Apparently there was a huge outage to water supplies in our area yesterday. The only indication I had of it was a disruption to the local coffee shop when I popped in, and certainly by the time I did the washing up everything seemed back to normal. It was only when I arrived at work this morning that I found out how widespread it had been. Things had been so bad that the library had closed.
I presume this was down to there being no toilet facilities, but no one who had been working there yesterday was there today to really explain, so it just falls to my imagination to write up a story that links the two events. Eldritch horrors may be involved.
Today’s moment of chaos came in the Rhymetime that I regularly lead at the library. This is a half hour event every Friday morning that features largely traditional nursery rhymes and songs for preschool children and their parents.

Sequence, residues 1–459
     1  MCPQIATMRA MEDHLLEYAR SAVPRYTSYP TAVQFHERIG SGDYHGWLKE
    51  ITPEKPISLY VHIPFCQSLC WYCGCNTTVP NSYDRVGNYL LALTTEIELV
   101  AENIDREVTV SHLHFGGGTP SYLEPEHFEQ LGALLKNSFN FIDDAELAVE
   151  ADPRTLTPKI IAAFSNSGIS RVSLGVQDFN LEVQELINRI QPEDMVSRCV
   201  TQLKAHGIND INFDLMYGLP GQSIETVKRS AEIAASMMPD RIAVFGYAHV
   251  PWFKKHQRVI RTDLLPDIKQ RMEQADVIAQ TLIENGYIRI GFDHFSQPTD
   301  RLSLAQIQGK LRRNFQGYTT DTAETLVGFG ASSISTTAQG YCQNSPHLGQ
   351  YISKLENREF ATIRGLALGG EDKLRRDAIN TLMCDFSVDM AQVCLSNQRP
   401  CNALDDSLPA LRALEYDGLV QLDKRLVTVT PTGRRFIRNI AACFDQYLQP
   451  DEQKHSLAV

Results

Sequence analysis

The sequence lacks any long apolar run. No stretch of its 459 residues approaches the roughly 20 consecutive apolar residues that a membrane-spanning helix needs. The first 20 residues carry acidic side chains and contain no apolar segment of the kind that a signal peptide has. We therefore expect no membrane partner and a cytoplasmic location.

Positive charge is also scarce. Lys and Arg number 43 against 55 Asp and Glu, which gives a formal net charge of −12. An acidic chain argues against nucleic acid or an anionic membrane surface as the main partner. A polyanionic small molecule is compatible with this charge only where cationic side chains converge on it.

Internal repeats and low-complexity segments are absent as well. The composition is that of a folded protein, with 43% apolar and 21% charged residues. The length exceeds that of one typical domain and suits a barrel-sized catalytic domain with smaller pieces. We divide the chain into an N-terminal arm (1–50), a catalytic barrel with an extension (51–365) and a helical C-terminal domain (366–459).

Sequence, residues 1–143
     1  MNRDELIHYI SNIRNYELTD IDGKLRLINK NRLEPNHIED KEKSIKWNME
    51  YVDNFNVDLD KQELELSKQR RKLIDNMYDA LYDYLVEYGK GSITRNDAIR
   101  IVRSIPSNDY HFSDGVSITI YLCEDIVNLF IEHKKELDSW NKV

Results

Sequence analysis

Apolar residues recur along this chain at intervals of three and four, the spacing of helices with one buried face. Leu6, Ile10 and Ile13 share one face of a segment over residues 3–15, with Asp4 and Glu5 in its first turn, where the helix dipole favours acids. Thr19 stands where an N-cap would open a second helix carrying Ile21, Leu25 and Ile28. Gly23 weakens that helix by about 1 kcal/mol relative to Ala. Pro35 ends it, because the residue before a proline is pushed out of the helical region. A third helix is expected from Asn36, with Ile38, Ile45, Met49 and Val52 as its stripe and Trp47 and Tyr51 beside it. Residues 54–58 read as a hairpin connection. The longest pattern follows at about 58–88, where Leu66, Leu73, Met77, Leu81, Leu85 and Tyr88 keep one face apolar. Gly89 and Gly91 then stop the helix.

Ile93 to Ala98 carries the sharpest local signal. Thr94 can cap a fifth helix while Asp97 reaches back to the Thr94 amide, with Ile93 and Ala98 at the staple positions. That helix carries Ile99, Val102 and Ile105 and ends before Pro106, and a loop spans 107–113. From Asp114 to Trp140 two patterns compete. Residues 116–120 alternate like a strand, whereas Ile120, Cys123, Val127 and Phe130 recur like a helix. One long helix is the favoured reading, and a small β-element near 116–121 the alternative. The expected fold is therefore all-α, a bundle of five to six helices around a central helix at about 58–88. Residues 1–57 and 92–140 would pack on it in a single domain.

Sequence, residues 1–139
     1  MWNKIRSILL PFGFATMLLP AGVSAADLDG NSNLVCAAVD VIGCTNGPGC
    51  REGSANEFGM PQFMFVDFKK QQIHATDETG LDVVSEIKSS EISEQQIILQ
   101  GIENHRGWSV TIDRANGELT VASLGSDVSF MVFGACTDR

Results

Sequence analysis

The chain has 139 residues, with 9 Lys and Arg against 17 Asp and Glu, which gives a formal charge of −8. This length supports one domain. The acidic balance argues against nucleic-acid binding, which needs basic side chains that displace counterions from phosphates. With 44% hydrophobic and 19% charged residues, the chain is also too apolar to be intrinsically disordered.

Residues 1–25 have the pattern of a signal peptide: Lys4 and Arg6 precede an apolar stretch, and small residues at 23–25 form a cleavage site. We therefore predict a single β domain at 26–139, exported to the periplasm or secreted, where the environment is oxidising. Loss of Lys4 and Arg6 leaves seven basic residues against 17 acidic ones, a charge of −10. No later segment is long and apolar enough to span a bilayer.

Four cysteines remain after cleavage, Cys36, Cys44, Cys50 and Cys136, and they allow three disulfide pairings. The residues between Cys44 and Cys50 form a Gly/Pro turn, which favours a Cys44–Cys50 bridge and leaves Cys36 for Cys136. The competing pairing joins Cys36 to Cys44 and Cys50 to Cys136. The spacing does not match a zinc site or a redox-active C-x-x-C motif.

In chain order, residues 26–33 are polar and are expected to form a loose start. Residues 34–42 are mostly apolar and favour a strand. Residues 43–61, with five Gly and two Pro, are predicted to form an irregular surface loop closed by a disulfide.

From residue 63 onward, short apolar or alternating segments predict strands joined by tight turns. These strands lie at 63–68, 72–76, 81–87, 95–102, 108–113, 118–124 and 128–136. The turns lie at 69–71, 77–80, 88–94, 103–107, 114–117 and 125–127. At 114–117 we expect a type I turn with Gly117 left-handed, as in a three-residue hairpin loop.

The number of children attending has been steadily increasing over the last few months. As a result the event has been getting louder and occasionally rowdier. Fortunately a childhood spent growing up in and around churches has taught me how to project my voice effectively, so I can usually pick up and drive the room full of chattering, distracted, and excited children and adults along with me. That was really put to the test today.
I lost track at 40 people in the room. I counted numerous babies banging their heads against each other and make each other cry. At least three children had to be rescued by parents as they got trapped between shelving and the floor to ceiling windows. One child got his hands on rattles we use to let the kids make “music” and decided to fight off all-comers with them. Another decided to wait until I had multiple children trying to get cardboard cutout ducks from me to crawl over and tie my shoelaces together. (The ducks are a prop for when we sing “5 little ducks”).
As horrendous as it sounds, with the screaming and shouting and chattering parents, it all still gloriously worked. We had a room full of happy, chattering parents and children at the end of it. No one got stabbed, or set on fire, and I had thank you greetings from most of the people there as we tidied up.
I’m still glad I’m not working this weekend though.